Well, it was a good run.

book shelves book stack bookcase books

Nearly two and a half years, and now… it’s done.

If you’re a regular visitor to this blog, you might have noticed something missing this past Tuesday: There was no review.

Since arriving at my new congregation, I’ve been able to read and review a book every single week. And last week, it came to an end. I failed to read a book this last week.

Honestly, it’s been a lot longer than that. I go through spurts of reading; sometimes I’d have reviews lined up three months in advance. Sometimes I’d be reading and posting a review that same day. But now, my lead has ended. (more…)

Review: The Problem of Suffering

The Problem of Suffering: A Father’s Hope
by Gregory P. Schulz

Greg Schulz’s daughter was buried three days before what would have been her first birthday. His son died at fourteen. In The Problem of Suffering Schulz offers his heart. He shows that there are no easy answers, but there is comfort. He shows that in this world, there is real pain. And through it all, he points to Christ.

The foreword (written by Harold Senkbeil) says that this book will change you.

It did. (more…)

Review: Words Kids Need to Hear

Words Kids Need to Hear
by David Staal

Parents are vital in the lives of their children, and what they say can transform a young life forever. What are the words kids need to hear from their parents? How can parents effectively convey those messages? How do you keep from going too far, because there’s always that pesky need for balance? In Words Kids Need to Hear, David Staal lists seven phrases every child needs to hear.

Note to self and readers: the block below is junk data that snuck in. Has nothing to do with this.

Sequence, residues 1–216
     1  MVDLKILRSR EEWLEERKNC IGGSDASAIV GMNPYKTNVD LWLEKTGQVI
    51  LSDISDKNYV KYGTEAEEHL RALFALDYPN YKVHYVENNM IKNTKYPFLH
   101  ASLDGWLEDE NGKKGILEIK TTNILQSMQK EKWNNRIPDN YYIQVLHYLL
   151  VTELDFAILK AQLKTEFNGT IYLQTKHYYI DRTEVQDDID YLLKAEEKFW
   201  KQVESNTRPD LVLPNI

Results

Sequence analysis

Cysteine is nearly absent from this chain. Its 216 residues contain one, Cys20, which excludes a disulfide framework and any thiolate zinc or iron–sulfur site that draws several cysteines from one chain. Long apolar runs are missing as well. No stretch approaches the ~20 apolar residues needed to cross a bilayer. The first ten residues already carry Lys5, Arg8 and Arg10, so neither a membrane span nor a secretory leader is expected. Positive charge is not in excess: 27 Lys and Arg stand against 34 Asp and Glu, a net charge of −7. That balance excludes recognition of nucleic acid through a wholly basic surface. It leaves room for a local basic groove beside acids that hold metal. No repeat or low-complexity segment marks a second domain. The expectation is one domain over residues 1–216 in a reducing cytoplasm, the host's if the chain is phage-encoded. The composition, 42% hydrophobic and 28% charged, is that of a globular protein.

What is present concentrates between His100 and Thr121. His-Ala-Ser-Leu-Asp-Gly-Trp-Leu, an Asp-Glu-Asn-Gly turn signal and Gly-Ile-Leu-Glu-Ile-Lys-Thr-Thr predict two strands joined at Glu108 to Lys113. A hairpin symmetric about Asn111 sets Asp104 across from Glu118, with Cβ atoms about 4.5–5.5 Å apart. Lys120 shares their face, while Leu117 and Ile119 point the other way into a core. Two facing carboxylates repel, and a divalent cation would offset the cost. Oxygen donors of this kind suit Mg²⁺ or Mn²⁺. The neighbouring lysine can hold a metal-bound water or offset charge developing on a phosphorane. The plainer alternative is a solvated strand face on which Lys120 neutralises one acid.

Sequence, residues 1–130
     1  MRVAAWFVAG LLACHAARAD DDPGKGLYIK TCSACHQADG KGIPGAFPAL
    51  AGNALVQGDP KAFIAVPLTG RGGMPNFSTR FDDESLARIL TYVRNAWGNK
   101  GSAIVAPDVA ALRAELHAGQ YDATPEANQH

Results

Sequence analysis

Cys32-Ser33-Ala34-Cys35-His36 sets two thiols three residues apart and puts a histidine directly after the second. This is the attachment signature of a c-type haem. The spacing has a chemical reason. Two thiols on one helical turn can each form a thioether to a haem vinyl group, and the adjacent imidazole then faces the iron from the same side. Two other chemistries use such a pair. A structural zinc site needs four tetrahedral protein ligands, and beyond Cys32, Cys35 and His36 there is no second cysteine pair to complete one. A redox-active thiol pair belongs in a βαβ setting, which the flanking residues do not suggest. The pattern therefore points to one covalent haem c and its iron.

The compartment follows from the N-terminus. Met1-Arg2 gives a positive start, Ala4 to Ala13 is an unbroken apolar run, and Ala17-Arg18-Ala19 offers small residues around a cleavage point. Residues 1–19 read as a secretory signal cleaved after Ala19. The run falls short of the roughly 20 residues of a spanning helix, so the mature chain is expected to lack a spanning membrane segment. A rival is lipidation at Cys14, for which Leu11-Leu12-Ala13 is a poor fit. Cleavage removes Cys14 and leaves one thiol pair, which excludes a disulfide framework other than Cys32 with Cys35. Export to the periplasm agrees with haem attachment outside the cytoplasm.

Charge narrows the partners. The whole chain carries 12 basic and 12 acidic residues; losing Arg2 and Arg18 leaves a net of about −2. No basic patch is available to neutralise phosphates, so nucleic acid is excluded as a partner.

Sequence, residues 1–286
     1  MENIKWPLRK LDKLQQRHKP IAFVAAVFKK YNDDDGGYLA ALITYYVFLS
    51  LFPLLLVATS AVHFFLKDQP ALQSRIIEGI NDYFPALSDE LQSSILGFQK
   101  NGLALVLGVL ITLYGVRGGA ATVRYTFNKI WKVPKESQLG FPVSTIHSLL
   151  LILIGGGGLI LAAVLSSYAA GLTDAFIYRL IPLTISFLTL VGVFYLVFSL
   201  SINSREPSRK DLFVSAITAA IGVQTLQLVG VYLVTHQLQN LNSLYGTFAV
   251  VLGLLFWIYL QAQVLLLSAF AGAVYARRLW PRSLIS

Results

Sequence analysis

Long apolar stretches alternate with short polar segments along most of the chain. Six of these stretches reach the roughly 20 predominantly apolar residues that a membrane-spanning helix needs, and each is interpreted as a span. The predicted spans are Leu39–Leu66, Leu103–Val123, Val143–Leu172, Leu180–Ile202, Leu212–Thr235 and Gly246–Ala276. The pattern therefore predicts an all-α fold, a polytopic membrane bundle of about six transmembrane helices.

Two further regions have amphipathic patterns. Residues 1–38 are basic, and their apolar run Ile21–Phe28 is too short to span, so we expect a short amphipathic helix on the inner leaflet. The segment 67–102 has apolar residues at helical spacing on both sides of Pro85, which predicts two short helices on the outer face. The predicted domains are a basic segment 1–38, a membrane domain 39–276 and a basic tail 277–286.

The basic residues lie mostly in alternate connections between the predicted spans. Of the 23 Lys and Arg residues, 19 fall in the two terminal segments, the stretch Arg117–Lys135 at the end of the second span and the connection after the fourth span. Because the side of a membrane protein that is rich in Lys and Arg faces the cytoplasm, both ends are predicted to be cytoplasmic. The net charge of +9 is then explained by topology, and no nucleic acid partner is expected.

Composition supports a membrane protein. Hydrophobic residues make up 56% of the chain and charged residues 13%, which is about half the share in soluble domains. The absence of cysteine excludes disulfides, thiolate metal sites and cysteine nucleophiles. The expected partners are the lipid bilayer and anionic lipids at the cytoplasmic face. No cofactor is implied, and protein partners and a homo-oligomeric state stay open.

This book is filled with good, practical advice. It shows parents the need to ask their children for forgiveness. It points out that children need to know they’re treasured. It reminds that parents need to actually say, “I love you.” I agree with each of the seven phrases Staal picked out, and the reminder to do so is well-taken.

Staal also takes time to show how each phrase can be practically integrated into family life. I appreciated those parts of the book, offering many ideas on how to say “no” or “I believe in you.”

I found his balancing “Words of Caution” to often be a bit too short, though. Parents do need to actually say “I love you,” of course. But if the parent loves the child so much that the child becomes an idol, that love has become a sin that will damage both parent and child. More words of warning to show the proper balance would have been appreciated.

So, yes, there are definitely positive aspects of this book.

But. (more…)

Review: Move Toward the Mess

Move Toward the Mess: The Ultimate Fix for a Boring Christian Life